Top Critic Average
The Videokid is one of those arcade titles that can easily eat away at your time if you let. The simplistic but addictive gameplay means you'll want to keep going back until you've beaten the course. Combine it with the colourful voxel art and the humour that permeates the game and you have a verified fun experience on your hands. The Videokid isn't just an homage to Paperboy, it's a successor.
The Videokid is developer Pixeltrip's modern runner with a retro twist. It puts players back in an era when VHS was the only way to watch movies at home. As a thoroughly irresponsible teenager, we take to our skateboard to deliver tapes, cause mischief, and avoid oncoming obstacles. This is our Videokid review.
While its setup does make it look like one of those soulless endless runners that fill mobile app stores, The VideoKid overcomes that hollow association by offering up a nostalgic love letter to the characters that defined a decade. The random layout means you'll never get the same run twice, but once you've played each section of its celebrity-filled suburbia a few times, you will start to notice plenty of bits being recycled as you head to your final destination. Still, with high-scores to chase and new character skins and tricks to unlock, this modern Paperboy has earned its pay packet.
I persevered and beat the level in five days of off and on play, and rather than it turning me away, the frustration compelled me to respond with "just another run" to do better. The VideoKid is a short visit, not an extended vacation, into a quirky nostalgia-packed arcade run. I enjoyed my brief stay, but for you it might depend on your fondness for The California Raisins or The Thundercats.
The VideoKid is a fun and addictive take on an arcade classic. Filled with challenging gameplay and a barrage of nostalgic references to pop culture, this 80s themed homage to Paperboy is worth a go.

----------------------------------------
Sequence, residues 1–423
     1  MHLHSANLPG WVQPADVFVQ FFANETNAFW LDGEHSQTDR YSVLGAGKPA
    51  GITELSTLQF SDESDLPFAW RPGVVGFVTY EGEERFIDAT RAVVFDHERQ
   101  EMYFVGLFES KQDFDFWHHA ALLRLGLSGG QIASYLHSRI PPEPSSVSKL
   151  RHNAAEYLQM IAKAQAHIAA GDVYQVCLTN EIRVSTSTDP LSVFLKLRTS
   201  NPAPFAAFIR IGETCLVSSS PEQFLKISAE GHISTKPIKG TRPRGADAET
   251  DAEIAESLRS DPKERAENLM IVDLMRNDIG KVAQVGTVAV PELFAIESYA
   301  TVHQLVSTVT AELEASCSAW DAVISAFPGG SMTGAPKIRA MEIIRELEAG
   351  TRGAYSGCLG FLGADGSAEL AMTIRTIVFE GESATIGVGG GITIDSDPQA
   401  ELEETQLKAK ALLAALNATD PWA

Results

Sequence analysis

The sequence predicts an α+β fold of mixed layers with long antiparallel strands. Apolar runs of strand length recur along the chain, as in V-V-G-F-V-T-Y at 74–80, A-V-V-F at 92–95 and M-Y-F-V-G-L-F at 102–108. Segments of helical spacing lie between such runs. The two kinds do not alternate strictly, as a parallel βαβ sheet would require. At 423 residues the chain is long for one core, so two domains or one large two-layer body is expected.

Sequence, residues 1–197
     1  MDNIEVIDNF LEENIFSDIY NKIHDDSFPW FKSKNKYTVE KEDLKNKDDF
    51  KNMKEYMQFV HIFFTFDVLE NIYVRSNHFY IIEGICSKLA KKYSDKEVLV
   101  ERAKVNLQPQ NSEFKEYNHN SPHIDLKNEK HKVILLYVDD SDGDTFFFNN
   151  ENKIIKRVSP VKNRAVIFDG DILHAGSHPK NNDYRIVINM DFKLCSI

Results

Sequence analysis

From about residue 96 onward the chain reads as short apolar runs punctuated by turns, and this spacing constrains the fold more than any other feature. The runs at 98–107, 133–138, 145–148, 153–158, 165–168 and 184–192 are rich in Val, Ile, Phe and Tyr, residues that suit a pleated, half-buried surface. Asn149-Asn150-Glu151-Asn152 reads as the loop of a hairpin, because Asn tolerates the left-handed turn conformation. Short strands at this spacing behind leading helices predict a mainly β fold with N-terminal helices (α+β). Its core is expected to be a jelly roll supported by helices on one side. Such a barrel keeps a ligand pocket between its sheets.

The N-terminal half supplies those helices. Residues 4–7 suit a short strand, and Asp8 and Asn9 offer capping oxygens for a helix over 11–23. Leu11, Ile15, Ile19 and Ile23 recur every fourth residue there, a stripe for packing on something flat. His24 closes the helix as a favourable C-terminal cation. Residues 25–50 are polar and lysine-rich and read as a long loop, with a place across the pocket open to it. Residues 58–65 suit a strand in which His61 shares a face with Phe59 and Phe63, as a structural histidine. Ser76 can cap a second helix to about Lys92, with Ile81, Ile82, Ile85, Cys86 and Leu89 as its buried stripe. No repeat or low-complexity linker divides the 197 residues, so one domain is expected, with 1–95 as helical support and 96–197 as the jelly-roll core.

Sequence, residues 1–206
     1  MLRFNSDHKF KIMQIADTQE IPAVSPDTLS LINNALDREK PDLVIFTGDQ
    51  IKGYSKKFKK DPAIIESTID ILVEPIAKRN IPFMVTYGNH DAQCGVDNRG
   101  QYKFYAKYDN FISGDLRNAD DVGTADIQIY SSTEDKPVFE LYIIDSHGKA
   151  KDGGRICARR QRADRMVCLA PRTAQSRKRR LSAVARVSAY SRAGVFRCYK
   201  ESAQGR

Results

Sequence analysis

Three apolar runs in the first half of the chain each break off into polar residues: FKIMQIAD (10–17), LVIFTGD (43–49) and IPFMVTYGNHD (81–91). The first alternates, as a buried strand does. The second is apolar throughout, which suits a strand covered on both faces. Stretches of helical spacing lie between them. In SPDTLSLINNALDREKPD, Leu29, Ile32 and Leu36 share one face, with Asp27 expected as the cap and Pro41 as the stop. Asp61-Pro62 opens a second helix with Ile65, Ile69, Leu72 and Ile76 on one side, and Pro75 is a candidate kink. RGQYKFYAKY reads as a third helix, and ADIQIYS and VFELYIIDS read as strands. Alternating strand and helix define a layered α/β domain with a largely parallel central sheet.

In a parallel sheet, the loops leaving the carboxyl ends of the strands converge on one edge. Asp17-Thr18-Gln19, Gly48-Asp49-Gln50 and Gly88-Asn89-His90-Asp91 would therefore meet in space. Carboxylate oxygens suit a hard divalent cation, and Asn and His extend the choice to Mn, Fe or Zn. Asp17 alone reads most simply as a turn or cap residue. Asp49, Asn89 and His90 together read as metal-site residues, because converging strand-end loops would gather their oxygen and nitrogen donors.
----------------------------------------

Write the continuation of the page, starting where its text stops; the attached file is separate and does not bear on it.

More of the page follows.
When reviewing titles I always attempt to make it more about what the game is trying to be than what I wish it was but in the case of The VideoKid its inspirations are so obvious that it’s tough for me not to at least make comparisons. Mentally removing Paperboy from my mind this is a reasonably good arcade-style game that may end abruptly but is well-suited to quick sessions and is lovingly dipped in nostalgia with some “deep cut” references. However, keeping that classic in mind I find it hard not to get distracted by what’s been lost in translation. If you have no idea what Paperboy is, you’ll probably get some satisfaction, but if you’re a fan and were hoping this would rekindle that old flame just understand that there are some major caveats but some of its spirit is still present.
The VideoKid clearly loves the 1980s, and it hopes you do too. But strip away the nostalgia and you're left with a pretty basic experience. Unless you REALLY enjoyed Paperboy, you're better off looking elsewhere.
There is some quick blast fun to be had here, along with some secrets to find like underground sewers to ride. If you can stomach the graphics, and repetitive sound loops then you’ll probably have a big nostalgia like grin while playing this game simply due to its charm. It’s just a shame that the game it tries so hard to emulate is ultimately more fun.
(I cannot confirm the existence of a Top Gun Easter egg or character appearance in the game because I did not watch the movie, but I can say that, on behalf of PixelTrip Studios, Tom Cruise's likeness was nowhere to be found in case any lawyers are reading this.)
The VideoKid is a solid game based on the 1980's. While it might be a short-lived experience played solo after a few hours, it could be the centre of a more enjoyable experience by passing the controller amongst friends, although the lack of a leaderboard to taunt them on is a huge mind-boggling miss.
The VideoKid takes the idea of nostalgia and runs (or skateboards) with it. Not only does it use the likes of Baywatch, Bill & Ted, and Fraggle Rock to grab the attention of potential players, but also tops it off as a speedy homage to a classic Atari game. As far as planning goes, it's intriguing. It's fun to throw VHS tapes and jump over the Teenage Mutant Ninja Turtles, but the presentation and design don't hold up. With a single level that becomes repetitive after a few hours, gameplay changes that are prohibitive or distracting, and the overall feel of an app game on a console, the quality of The VideoKid is slightly above average. It doesn't feel like a game I'd boot up my console to play, but it feels like something I'd play while another title is downloading.